Christmas Day, 2012.
GataAgressiva411 to OTHER WHITE FEMINIST: Thank you for sharing this article with me. I read it, and I agree with what’s said here. As for the CT shootings, I’m restricting the amount of energy I give that incident because people of color are suffering from regular casualities such as these each and every day, in different ways. I cannot and will not give extra energy to violence as it concerns middle white America-a point which was not raised in this written piece. White male pathology and violence looks and behaves very differently than that of men of color, and the fact that it is WHITE men who are the ones gunning down women and children was not explicitly stated. Although I appreciate that Brennan pointed out how male violence against women is not considered the same as other forms of violence-true words. We must be prepared to address the nuances of all violence in all forms. It’s much more complex than “men against women”.
GataAgressiva411 to OTHER WHITE FEMINIST: P.S. I’m reading about the trans-activist attack against Cathy at Dyke March. Very troubling. [...]
WordPress has apparently caved to trans demands to censor trans-critical blogs.
The most recent casualty is mansplaintrainsplain, a brilliant blog that quoted verbatim the woman-hating words Men’s Rights and Trans Activists say to and about Women.
Apparently, it’s ok for Men’s Rights and Trans Rights Activists to say Women-hating words to Women, it’s not ok for Women to present that information with political commentary.
It’s a bad day for “free speech,” y’all.
Here’s Republican State Representative Cathrynn N. Brown of New Mexico.
The NRA and the Right to Life People love her.
And she loves them back! [...]
Americans gave up the idea-or tried to, or pretended to-that there are certain characteristics and qualities that are essentially black and essentially white a long time ago. At the very least we can say that it would be considered wildly offensive and thoroughly idiotic to articulate ideas like that now. Yet somehow we don’t think twice about wanting to be ‘like a man’ or unlike a ‘girly-girl.’ As if those ideas even mean anything. Like which man? Iggy Pop? Nathan Lane? Jesse Jackson? Jesse Helms? It is a staggeringly unsophisticated way to think about being a human being, but smart people do it all the time.
Ariel Levy, Female Chauvinist Pigs, p. 108
I received an email from Equality Maryland today!
Can you find the typo?
It asked me to sign up for its Lobby Day in Annapolis in February.
Now, I like a good lobby day as well as the next person. I read on.
“While 2012 was an incredible year for Maryland’s LGBT communities and our allies our work is not done. Transgender Marylanders remain unprotected in state law from discrimination in employment, housing, places of public accomondation (sic) and credit.”
No, that’s not entirely true. [...]
I am an avid reader of your blogs (I think I sent you a FB message once saying something to the effect of “keep fighting the good fight”). I was wondering if you might write up a post some day on how lay men who are not part of this particular struggle can be allies to females. I understand that this could mean we need to shut up, respect female-only spaces, and divest ourselves from patriarchy as much as we can. I think that you might have something to say though beyond that, which I think the handful of observers like me would be interested in hearing. Keep fighting the good fight.
Men can be allies to Women. [...]
First they came for Janice Raymond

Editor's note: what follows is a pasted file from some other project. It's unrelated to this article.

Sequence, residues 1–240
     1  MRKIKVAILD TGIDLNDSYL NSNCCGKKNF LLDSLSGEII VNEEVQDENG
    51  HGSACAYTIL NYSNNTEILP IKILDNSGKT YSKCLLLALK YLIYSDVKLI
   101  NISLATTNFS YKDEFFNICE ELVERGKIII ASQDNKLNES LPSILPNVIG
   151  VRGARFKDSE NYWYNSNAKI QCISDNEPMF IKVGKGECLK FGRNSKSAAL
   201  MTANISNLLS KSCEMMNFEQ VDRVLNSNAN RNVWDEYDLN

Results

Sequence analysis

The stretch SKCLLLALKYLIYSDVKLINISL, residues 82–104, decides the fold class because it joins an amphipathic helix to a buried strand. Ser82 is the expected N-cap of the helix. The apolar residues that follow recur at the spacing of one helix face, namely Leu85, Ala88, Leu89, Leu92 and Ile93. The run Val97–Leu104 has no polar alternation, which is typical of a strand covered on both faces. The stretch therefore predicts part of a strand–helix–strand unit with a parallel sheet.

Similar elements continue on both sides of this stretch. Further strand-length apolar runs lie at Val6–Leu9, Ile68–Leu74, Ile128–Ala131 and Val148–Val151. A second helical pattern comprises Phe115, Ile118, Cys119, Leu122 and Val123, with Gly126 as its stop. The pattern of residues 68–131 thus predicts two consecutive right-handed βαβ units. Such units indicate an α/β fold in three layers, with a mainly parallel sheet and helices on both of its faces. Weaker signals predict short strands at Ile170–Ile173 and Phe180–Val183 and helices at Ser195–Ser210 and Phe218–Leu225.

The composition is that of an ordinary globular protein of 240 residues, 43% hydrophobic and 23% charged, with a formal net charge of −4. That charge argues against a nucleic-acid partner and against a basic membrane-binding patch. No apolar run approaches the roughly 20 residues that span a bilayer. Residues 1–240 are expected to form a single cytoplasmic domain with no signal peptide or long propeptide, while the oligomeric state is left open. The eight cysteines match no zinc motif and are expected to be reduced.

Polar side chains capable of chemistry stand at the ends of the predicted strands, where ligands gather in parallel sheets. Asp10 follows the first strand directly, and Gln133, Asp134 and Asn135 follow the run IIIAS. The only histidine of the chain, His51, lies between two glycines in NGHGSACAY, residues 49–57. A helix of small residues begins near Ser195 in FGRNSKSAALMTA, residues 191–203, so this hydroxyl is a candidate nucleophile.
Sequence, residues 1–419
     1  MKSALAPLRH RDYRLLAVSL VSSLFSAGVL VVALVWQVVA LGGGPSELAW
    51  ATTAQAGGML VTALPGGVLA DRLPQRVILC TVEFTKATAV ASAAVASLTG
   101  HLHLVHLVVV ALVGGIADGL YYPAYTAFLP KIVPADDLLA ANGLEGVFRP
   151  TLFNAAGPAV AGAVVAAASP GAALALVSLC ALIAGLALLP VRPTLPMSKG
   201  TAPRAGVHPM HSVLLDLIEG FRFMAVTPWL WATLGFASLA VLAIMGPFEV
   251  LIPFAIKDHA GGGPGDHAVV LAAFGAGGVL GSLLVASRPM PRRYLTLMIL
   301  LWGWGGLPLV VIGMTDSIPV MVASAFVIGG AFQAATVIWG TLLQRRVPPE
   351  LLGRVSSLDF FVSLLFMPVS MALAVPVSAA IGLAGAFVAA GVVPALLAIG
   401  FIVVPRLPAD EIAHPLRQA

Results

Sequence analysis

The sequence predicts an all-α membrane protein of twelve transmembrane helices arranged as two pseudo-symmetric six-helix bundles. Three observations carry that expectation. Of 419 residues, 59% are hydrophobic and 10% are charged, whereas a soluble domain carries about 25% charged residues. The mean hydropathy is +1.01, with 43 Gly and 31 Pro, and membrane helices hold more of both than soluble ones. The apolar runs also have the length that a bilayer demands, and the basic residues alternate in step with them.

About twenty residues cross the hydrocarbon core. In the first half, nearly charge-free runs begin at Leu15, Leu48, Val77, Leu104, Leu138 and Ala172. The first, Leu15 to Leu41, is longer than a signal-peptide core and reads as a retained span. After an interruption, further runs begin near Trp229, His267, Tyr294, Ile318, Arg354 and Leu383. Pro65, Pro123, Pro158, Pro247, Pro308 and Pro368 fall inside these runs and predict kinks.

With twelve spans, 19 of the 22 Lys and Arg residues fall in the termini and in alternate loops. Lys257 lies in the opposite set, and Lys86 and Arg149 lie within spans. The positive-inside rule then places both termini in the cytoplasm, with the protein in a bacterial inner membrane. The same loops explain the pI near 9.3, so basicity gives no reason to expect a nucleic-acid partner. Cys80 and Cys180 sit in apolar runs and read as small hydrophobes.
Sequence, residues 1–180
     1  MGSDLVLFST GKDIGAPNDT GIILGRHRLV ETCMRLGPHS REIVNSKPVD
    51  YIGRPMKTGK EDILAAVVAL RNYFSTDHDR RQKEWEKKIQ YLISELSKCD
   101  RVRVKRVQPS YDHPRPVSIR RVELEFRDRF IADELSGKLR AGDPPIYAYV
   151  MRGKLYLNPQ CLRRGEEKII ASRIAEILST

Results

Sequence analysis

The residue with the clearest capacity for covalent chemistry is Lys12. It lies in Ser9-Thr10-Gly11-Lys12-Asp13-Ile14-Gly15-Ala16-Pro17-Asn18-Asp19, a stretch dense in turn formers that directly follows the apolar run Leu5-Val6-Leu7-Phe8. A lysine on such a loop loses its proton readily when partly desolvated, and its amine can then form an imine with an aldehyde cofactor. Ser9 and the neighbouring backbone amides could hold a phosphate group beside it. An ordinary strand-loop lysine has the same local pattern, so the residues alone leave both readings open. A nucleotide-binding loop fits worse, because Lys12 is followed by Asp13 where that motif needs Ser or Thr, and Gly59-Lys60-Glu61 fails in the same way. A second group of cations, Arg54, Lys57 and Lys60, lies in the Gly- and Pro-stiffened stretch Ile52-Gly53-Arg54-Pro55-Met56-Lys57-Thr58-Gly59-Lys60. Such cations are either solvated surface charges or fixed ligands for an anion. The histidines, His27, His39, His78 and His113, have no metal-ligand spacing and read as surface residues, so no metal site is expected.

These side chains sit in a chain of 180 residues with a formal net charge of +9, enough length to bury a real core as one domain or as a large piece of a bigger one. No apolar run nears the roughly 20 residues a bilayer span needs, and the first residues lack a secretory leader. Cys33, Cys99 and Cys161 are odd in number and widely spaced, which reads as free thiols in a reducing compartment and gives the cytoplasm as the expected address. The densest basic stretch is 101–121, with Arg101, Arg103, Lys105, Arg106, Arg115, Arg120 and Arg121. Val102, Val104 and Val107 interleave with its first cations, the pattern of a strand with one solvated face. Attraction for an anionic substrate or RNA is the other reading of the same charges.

and I didn’t speak out because I wasn’t an academic.
Then they came for Mary Daly
and I didn’t speak out because I wasn’t a lesbian.
Then they came for Norah Vincent
and I didn’t speak out because I didn’t even read her book.
Then they came for Lierre Keith
and I didn’t speak out because I was afraid that I’d get attacked too.
Then they came for Sheila Jeffreys
and I didn’t speak out because her honest analysis makes my queer friends uncomfortable.
Then they came for Germaine Greer
and I didn’t speak out because she seems a little full of herself.
Then they came for Diane DiMassa
and I didn’t speak out because Hothead Paisan is soooo 1990s.
Then they came for Julie Bindel
and I didn’t speak out because she seems unpleasant.
Then they came for Cathy Brennan
and I didn’t speak out because I hate that woman.
Then they came for Christine Benvenuto
and I didn’t speak out because she was married to a man.
Then they came for Issa Rae
and I didn’t speak out because I have never seen Awkward Black Girl.
Then they came for Julie Burchill
and I didn’t speak out because I don’t like that she said “shims” in a political essay.
Then they came for Gallus Mag
and I didn’t speak out because I forgot how to speak.
Then they came for me,
and there was no one left to speak for me.
- An Anonymous Woman
I don’t mind casual racism when it goes with my hipster lifestyle and political views on gender!
Dan Solomon is a “straight, white cisgender man” from Texas who has things to say about Women like Suzanne Moore and Julie Burchill who dare to (1) notice that transwomen are men and 2) have the guts to speak out about it.
Dan wants you to know that he’s got the backs of his fellow Men, err transwomen.
And he wants you to know why he takes transgender issues personally…
You might recall that last year, the National Gay and Lesbian Task Force waited until the last possible moment to remember that L in NGLTF stands for Lesbians. As a result of pressure put on NGLTF by Lesbian activists, NGLTF begrudgingly allowed Lesbians to have our own caucus for actual lesbians (that is, women-born-women, not men who think they are women) – hence, the Lesbian Caucus was born.
What a difference a year makes, right? This year is going to be the year of the Lesbian resurgence. I mean, the Lesbian Caucus has a 600-woman strong Facebook group!
Here is the 152-page Creating Change Program. [...]